A Spanish company, founded and owned by an Engineers Ireland member, successfully tests technology that turns HVAC systems into an ally to eliminate COVID-19 in indoor environments.

A company of Spanish origin but founded and owned by Paul Gerard O'Donohoe, of Irish origin, has just successfully completed a test demonstrating that cold plasma bipolar ionisation technology is capable of removing from the air – and where ionised air sweeps surfaces – a surrogate substitute for the coronavirus (bacteriophage MS2).

The research, which has been carried out by an interdisciplinary team with specialists in microbiology and engineering and with the support of an accredited microbiology laboratory of Spain's Ministry of Defence, has been carried out in a hotel near Madrid used to house healthcare personnel.

The results suggest that this technology eliminates, in an efficient and safe way, coronavirus which is airborne in closed spaces. Results showed a 99% elimination in airborne pathogens and an 80% reduction in surface pathogens.

Ionisation technology not new

Ionisation technology is not new and has been used in the United States and other parts of the world as an air purifier, explains O'Donohoe.

However, and until recently, its effectiveness in killing off airborne pathogens, such a SARS1 and 2, has not been studied in real case scenarios with sufficient detail.

Madrid has been hit badly by COVID-19 and O'Donohoe took on the initiative to try a find a quick, biocompatible solution for eliminating an airborne spread of coronavirus.

HVAC systems can be both an ally or an enemy for the spreading of of the disease, he says. There is scientific evidence which shows the spread of coronavirus by and through the air distribution inside a HVAC building system and, if the same system is used as a vector for ionising the indoor environment, both the HVAC and the indoor ambient is cleaned of pathogens by ionisation.

Application of ionisation as a virucidal strategy

As O'Donohoe explains it is vital to characterise the air movement within the occupied space and ensure that the right concentration of ions in the air covers the complete volume and surfaces of the treated area.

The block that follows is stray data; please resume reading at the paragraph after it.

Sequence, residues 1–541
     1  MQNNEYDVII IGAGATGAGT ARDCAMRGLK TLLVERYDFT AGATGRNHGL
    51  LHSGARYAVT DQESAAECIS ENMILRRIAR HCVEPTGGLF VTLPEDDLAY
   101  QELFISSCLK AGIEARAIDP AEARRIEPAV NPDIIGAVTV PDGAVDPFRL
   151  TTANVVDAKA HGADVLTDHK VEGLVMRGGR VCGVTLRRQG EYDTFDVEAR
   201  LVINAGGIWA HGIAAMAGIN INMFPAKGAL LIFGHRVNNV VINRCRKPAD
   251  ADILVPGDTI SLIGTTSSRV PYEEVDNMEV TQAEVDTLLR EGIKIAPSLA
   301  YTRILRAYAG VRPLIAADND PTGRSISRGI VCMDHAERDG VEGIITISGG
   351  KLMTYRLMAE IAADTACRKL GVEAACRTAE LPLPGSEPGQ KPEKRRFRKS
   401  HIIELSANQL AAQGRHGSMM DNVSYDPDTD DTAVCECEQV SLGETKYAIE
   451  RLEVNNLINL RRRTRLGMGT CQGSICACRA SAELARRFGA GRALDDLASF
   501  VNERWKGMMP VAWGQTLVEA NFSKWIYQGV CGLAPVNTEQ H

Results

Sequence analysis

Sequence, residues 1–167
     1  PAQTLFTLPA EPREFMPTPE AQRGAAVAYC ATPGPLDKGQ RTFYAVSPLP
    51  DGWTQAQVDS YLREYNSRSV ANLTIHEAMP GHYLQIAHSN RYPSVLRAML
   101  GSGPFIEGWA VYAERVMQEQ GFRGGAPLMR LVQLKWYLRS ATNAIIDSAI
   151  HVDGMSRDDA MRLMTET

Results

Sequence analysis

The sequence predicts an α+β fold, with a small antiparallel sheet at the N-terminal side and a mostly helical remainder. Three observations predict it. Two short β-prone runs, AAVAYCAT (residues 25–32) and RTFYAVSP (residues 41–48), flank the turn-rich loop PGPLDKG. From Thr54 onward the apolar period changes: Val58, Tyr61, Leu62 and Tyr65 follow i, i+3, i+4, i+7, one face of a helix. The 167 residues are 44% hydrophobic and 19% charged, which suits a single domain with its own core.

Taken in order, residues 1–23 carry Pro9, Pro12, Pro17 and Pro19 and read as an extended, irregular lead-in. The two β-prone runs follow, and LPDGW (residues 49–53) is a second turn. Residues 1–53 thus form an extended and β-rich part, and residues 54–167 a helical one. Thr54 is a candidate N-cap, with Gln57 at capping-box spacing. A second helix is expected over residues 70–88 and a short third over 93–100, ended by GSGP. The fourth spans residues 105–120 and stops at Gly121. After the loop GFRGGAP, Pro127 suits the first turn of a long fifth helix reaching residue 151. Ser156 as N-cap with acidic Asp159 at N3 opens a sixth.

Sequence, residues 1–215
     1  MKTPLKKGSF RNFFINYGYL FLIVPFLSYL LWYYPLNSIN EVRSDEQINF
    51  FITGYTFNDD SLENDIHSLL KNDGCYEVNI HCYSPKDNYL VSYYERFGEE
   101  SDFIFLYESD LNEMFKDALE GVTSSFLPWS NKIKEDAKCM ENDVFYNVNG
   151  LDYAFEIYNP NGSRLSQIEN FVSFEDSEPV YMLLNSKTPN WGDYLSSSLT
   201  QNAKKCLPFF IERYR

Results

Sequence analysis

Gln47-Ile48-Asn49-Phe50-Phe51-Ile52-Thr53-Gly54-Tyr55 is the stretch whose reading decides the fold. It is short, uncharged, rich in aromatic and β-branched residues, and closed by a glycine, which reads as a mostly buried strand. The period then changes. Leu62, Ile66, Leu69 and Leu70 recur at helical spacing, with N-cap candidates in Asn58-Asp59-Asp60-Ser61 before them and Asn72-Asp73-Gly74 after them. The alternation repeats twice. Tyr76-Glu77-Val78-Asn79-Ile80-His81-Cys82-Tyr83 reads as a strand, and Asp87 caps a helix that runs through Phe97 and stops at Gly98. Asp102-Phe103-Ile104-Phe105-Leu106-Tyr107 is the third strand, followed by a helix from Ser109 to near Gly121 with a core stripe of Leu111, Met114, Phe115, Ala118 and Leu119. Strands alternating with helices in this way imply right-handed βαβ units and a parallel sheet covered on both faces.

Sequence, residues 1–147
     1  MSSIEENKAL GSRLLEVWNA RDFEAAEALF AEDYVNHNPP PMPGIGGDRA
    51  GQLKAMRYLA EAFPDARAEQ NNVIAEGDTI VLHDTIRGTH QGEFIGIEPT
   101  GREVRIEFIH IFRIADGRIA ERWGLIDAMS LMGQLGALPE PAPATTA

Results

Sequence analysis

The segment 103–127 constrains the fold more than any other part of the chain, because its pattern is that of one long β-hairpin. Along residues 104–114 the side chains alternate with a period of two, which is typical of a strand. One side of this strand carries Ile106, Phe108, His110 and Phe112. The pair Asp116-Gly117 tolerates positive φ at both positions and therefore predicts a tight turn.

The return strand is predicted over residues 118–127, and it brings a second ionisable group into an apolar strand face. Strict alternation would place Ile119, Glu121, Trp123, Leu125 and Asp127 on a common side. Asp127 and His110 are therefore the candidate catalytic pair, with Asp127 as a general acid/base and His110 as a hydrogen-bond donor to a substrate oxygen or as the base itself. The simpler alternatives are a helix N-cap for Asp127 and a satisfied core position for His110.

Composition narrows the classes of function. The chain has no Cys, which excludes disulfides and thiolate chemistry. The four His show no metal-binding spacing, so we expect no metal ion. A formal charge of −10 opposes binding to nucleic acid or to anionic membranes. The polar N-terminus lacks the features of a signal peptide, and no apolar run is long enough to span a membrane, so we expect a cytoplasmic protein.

The technology has been applied within a Danone dairy plant in Spain by TAYRA. It has spent years working in the HVAC field in all types of applications and has now, during this pandemic, developed studies on the application of ionisation as a virucidal strategy.

Multiple initiatives are emerging from different technologies  UV lamps etc – to achieve a decontaminated air, but not all solutions have rigorous scientific studies behind them, nor do they guarantee the safety of the method when the space is occupied.

No significant economic investment required

Ionisation  says O'Donohoe, an expert HVAC design engineer and researcher  is a "simple, technology: cheap, safe and biocompatible with the presence of people". It adapts to the existing air conditioning systems and does not entail a significant economic investment.

The main advantage of this technology is that it converts existing HVAC systems (proven coronavirus vectors) into an ally which helps eliminate coronavirus in the air and on surfaces. "While the air conditioning works to heat, cool or ventilate the spaces, the air is constantly being cleaned by the ionisation," he says. 

Although the company already had previous scientific studies, the research that has just been completed is decisive, he says. O'Donohoe and his team have been confined for weeks at the Madrid hotel  where medical personnel reside, some in confinement as they were infected by coronavirus.

Simulated contaminated environment

They have converted one of the rooms to simulate an ICU taking into account the physical limitations, with a manikin patient and a respiratory system included, and where tests have been carried out by introducing the coronavirus substitute  the bacteriophage MS2 with characteristics similar to those of the coronavirus  into the environment.

"We have worked in a simulated contaminated environment," says O'Donohoe, and who praises the altruism of the team (they have not received any financial aid) and have worked side by side with infected people, patients and medical staff.

Technically, ionisation involves applying an electric field to the air so that positive and negative ions are generated. He explains: "Ions attack the virus membrane leaving its RNA exposed to oxidation, inactivating it." He points out that studies have proven that the virus is airborne and that HVAC systems promote its spread.

The installation is simple and its applications are numerous: hospitals, shops, public buildings, residential and industrial sectors, etc. He adds that the technology can also be used in the transport sector  in buses, trains and aircraft.

"The bottom line is that this system removes the virus from the air, surfaces, and even masks," he says. He regrets that, in many cases, proposals are unveiled without scientific rigour: "People are afraid and we must give them safe solutions, and not supposed miracles."